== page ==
James Wilson was one of the last convicts transported to Australia. His words below are from a smuggled letter sent in 1874 to John Devoy, a Fenian leader, in America. James Wilson’s desperate appeal led the American Fenians to organise the 1876 Catalpa rescue — the liberation of six Fenian convicts from Fremantle gaol.
Now, dear friend, remember this is a voice from the tomb…we have been nearly nine years in this living tomb…it is impossible for mind or body to withstand the continual strain…one or the other must give away.
— James Wilson
Very best wishes for the New Year.
Today, is the anniversary of a significant date in Australian history.
One-hundred and fifty years ago convicts stopped being transported to Australia. The last convicts arrived at Fremantle, Western Australia on 10 January 1868, on the ship Hougoumont.
According to Richard Reid in Sinners, Saints & Settlers, 62 of these last convicts were Irishmen who would not have accepted their criminal status. They were Fenians, part of the revolutionary 19th century movement to establish an Irish Republic, through physical force if necessary. Forty-five of the men were political prisoners, tried for treasonous acts or taking part in attempted uprisings in 1867. The remaining men were military Fenians — soldiers in the British army court-martialed for mutinous conduct.
You can find interesting articles about the Hougoumont and the end of convict transportation in Troves Digitised Newspapers. One article, that caught my interest was the Perth newspaper, the Inquirer and Commercial News, listing on 15 January 1867 of the Fenian convicts and the sentences they received. See below for this or you can find it here.
The sentence hanged, drawn & quartered must have been underlined in the original newspaper. It is a bit disturbing knowing this sentence was actually given to convicts. Agree or disagree?
Thomas Alsop, Joan Beaumont, Ken Inglis, Thomas Keneally, Timothy Millett,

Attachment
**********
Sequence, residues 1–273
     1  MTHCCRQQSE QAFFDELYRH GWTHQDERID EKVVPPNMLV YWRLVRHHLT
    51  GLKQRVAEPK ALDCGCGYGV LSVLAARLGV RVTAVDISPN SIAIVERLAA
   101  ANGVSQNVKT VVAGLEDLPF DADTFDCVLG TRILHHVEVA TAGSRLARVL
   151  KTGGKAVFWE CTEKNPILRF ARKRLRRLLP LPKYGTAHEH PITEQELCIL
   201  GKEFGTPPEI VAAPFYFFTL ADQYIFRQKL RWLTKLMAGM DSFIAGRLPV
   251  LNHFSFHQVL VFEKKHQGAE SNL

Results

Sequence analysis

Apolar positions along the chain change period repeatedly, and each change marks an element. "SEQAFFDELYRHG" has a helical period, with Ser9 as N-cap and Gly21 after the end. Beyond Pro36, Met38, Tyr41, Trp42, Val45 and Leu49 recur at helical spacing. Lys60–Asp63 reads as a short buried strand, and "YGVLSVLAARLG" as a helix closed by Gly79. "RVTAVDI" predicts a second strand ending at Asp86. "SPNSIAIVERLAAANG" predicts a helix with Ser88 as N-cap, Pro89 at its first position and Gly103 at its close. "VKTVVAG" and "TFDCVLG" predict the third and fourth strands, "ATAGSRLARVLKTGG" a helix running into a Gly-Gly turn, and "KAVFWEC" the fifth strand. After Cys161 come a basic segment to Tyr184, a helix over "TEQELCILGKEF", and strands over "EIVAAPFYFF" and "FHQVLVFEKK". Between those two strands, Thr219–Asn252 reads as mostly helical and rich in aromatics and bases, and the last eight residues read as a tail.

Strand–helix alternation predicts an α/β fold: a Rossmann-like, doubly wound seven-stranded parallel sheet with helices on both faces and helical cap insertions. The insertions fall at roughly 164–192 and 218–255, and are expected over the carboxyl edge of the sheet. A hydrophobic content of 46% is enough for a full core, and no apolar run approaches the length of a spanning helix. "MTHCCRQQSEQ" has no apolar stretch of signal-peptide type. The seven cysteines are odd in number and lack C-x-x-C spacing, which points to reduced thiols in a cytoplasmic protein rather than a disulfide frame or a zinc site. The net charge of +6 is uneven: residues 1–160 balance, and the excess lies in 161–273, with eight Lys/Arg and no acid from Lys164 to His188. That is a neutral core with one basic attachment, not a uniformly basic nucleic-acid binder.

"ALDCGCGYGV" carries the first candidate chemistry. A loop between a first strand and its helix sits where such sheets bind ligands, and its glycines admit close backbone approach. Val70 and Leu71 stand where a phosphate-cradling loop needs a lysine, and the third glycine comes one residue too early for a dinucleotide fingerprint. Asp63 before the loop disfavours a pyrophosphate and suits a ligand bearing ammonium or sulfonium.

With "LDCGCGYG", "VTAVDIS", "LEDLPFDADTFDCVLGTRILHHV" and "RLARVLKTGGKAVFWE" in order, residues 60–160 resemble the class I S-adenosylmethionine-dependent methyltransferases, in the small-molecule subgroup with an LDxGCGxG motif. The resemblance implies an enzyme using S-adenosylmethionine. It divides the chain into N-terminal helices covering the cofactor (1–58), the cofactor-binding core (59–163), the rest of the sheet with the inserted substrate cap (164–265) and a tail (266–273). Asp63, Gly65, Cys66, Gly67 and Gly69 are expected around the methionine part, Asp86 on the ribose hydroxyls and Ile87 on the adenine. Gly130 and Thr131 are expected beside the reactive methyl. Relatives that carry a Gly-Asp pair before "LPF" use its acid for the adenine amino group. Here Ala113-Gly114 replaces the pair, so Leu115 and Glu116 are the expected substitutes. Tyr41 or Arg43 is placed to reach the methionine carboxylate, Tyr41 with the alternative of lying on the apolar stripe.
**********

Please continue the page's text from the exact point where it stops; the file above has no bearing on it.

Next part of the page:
Babette Smith, Jack Thompson
Jervis Bay and Randwick, New South Wales
1788: first convicts transported to Australia; 1835: The Hive sank off the New South Wales coast; 1917: the Great Strike; 2008: Timothy Millett sells his convict love token collection to the National Museum of Australia
National Museum of Australia (NMA)
National Museum of Australia’s Convict love tokens
Who do you think you are
The Australian Colonists
Australians: Origins to Eureka
The Luck of the Irish
The rose soon drupes & dies. The brier fades away. But my fond heart for you I love shall never go astray. —Thomas Alsop [had words engraved on 1833 love token]
May the rose of England never bud. The thistle of Scotland never grow. The harp of Ireland never play. Till I poor convict gain my liberty. —Anonymous
When this, you see remember me, and, bare, me in, your mind let, all, the, world say, what they, will speak of me, as, you find — Anonymous
The rose soon drupes & dies. The brier fades away. But my fond heart for you I love shall never go astray.
—Thomas Alsop [had words engraved on 1833 love token]
History and serendipity covered the story of how Timothy Millett’s collection of convict love tokens were bought by the National Museum of Australia. Prior to the sale, Timothy had tried to research the history of convicts named on the tokens. This had been difficult because people were reluctant to acknowledge their convict ancestors.